SHOP TALK: Guest blogger Payton Kennedy offers straight talk for those with straight hair
Shop Talk

SHOP TALK: Guest blogger Payton Kennedy offers straight talk for those with straight hair

This week, SHOP TALK welcomes guest blogger Payton Kennedy, who offers a rebuttal to last week’s post on curly hair, urging straight-and-fine-haired lovelies to rock the bob — and learn to love hats.

Payton Kennedy in the early stages of embracing her fine, straight hair.

I was bald until I was two. When my hair finally decided to make an appearance, it was stick-straight and as fine as dandelion fluff. My mother’s strategy on managing my wispy locks was to keep it boyishly-short. Oh how I longed for curls! The answer: a perm! (This was the ’80s). After enduring hours in the chair with my scalp burning and nostril hairs gone, I emerged with … waves. Determined not to flatten my waves that night, I attempted to sleep sitting up. I woke the next morning with my head firmly planted on the pillow, my waves reduced to nothing but fuzz.

Over time, I have learned (and accepted) a thing or two about my hair. Above all, it will never be anything but straight. Perms, curling irons, and rollers are no match for my ramrod tresses. I will also never have long hair. Once it hits my shoulders, the ends do a disappearing act. With these things in mind, I offer five tips for fellow fine-and-straight-haired:

1. Find a stylist who gets it. If he or she utters the word ‘layers,’ or pulls out the funny scissors with the different-sized teeth, exit the building quickly. My stylist knows exactly what to do with my hair, and I love her for it.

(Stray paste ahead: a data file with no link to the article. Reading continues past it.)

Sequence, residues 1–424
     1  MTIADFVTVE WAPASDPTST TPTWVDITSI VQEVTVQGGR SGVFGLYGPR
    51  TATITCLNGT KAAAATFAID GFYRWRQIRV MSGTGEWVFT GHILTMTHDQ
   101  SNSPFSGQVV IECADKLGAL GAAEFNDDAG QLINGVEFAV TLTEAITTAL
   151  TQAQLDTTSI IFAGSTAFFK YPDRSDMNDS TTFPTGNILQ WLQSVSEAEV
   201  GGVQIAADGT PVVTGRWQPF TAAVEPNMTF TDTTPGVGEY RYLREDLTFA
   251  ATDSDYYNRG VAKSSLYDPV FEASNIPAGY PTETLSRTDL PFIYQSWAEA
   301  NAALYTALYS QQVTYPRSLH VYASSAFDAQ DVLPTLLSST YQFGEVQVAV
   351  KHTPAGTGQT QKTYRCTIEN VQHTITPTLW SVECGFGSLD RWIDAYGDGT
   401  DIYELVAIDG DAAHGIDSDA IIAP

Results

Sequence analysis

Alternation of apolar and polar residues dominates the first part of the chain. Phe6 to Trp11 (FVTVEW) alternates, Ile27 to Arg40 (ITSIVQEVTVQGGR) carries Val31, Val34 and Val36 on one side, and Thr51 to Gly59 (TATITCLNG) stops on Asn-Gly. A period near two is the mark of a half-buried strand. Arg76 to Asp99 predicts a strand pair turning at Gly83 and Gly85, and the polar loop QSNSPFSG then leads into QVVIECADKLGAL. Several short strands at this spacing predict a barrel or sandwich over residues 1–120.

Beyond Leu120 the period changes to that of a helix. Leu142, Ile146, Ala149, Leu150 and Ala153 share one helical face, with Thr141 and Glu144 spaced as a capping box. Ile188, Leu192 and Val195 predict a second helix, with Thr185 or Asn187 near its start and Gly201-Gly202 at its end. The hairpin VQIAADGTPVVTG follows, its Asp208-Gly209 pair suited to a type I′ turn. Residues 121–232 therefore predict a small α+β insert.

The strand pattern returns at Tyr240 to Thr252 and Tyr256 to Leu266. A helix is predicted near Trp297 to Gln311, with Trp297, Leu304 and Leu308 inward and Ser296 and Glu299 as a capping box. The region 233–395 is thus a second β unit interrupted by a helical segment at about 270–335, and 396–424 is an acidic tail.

2. A bob is the only way to mimic the look of thick hair. It’s also the most low-maintenance. Whether it’s sharp with a fringe, or softened with a few (subtle!) layers, the bob is simply the best cut for fine, straight hair. After all, this is what it naturally wants to do!

3. Use a spray on conditioner/detangler and wide-tooth comb on your wet hair. No matter how short my hair is, my thin strands are always a mass of tangles when wet. And there’s no hiding breakage with straight hair.

4. Avoid heavy products such as mousse, gel, and pomade. Sure, you may start out with an edgy ‘do that stands straight up in all directions, but trust me, two hours later your hair will be limping sadly back to its rightful place. I also don’t use products claiming to ‘boost volume’ – in my experience the only thing they boost is the goop-factor. Stick to light styling products, varnishes, and UV protector sprays. (If you’re a blond, try my favourite: Schwarzkopf Blonde Me Shine Magnifying Spray.

5. Learn to love hats. When you have fine hair, skipping the morning shampoo means that by 3 p.m. you’ve got an oil slick on your hands.  A days’ build up of natural oils are a good thing … and who wants to wash their hair every day? A hat solves the problem — and you will be très chic!

For all you fine-and-straight-haired lovelies out there determined to rock the big hairstyles, I salute you and your efforts!  Go forth in good faith — just know that when you’ve finally had enough of the upside-down blowouts, curling iron and hot roller burns, toxic permanent waves and sticky pomades, you can come back to this post to find out exactly what to do.

Payton Kennedy looking lovely in her straight-and-fine locks.